Category Archives: The Gospel

(John 19-21) What About Him?

Do you ever look at the guy down the street and ask, “Why does he have it so easy?” or look at your co-worker and wonder, “Why does she get all the recognition?” Maybe concerning your own hardships you hear yourself pray, “Why me, Lord? What about him?”

Peter was in that boat. Jesus had just described Peter’s future and gave Peter a glimpse at his own death. It wasn’t pretty. So in response Peter pointed to the disciple John and asked Jesus, “What about him?”

Maybe Peter wanted to be sure John didn’t get off easy, or maybe he wanted his own death to be the more impressive of the two. Maybe Peter had genuine concern for his friend John. I don’t know. But I think we all need to hear Jesus’ answer to Peter’s question.

Basically Jesus said, “It’s none of your business.”

When we begin to hear the “why?” questions in our heads we need to hear God tell us the same thing: It’s none of your business. How God works in the lives of other people is totally up to Him and has nothing to do with how He works in ours. God deals with all of us in many different ways, but with a common goal: the salvation of us all.

Do you trust God? Then know that however He is dealing with the guy down the street, that co-worker, or you, is done by a loving, compassionate God who just wants each of us to come to Him, to accept what Jesus died to provide – the eternal salvation of our souls.

Don’t waste time worrying about what that looks like in anyone’s life but your own. The “what about him?” question is none of your business.

(John 6:47-59) Eat Your Fill

I bet you think I’m talking about Thanksgiving dinner, right? Wrong. In fact, my thoughts today might cause you to lose your appetite all together.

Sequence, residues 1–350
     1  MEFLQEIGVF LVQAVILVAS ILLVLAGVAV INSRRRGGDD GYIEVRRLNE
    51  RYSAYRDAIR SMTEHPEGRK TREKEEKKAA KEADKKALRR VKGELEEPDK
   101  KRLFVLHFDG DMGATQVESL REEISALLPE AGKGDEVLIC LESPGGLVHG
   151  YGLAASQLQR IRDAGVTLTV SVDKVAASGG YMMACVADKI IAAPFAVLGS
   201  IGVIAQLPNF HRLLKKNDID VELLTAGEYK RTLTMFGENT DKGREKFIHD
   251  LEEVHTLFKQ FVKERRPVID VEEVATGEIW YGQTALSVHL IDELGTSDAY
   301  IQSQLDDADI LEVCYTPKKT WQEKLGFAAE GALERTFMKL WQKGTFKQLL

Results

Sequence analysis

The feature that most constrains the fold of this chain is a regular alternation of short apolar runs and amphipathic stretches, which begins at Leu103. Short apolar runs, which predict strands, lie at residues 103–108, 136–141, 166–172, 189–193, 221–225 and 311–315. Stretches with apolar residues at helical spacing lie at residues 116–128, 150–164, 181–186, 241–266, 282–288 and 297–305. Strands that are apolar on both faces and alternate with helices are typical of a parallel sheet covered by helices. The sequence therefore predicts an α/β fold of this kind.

I gotta be honest. Jesus’ words revealing Himself as the Bread of Life is gross. If a person didn’t know how often Jesus used metaphors and spoke in parables, they would be right to be disgusted by Jesus’ words in this passage. Be warned, my friend, before you turn to John 6.

But Jesus is not talking about cannibalism. He is not inviting anyone to gnaw on his physical flesh or drink the blood running through His veins here. It is true, however, that people who feed on Him will live forever.

Confused much?

Think about what Jesus is saying while using His body as an example. Being a Jesus-follower isn’t merely a nod at His diety, or acknowledging He is the Savior. Christianity isn’t merely a set of rules to follow, although obedience is certainly proof of being a Christian.

Jesus’ example of eating His flesh and drinking His blood tells me there is something uniquely different about being His. It’s an all-in, total transformation from the inside out. Here’s the correlation: when we eat and drink physical food and water, it enters our bodies and becomes nutrients, calories, energy and makes us healthy and strong. Eating and drinking sustains life.

And that’s what Jesus want to do in us. When we “take Him in,” He becomes our energy, strength, and spiritual health that will help us in this life and take us into eternity. He will transform us from weak, sinful people, into strong and healthy eternal individuals. It’s not about these rundown flesh and blood bodies. It’s about our spirits and souls.

When we ask Jesus to come “into our hearts,” we are asking Him to fill us completely, to become in us what we need for living today and forever. Just like food does for our bodies, Jesus does for our souls.

And Jesus isn’t talking about an occasional taste here. A nibble of food now and then isn’t enough to sustain a physical body. Neither is an occasional connection with Jesus. Read these verses. Jesus is talking about gorging ourselves on Him!

Take a bite. Read His Word. Take another bite and put your trust in Him. Eat some more by spending time with Him, growing in your knowledge and love of Him, allowing Him to transform you, strengthen you, direct your steps so that you look more and more like the One who fills you to overflowing.

Eat your fill. Then eat some more. You can’t get too much Jesus in you!

(John 1-3) The Whosoever

There is a debate among Christians over the “whosoever” in John 3:16. The question is” did God put on human flesh and live on earth for 33 years to die a horrible death for a few “chosen” people He would draw to Himself, and leave the majority of people without hope? Or did Jesus come to purchase salvation for the world, for every man, woman, and child who draws breath?

God loves the world. God gave His Son so that everyone who believes will have eternal life. God sent His Son into the world – not to condemn – but to save the world. Anyone who believes in Him in not condemned. Anyone who doesn’t believe is already condemned because of his unbelief. The truth is, Jesus came to be the Light but some people prefer the darkness. (see John 3:16-21)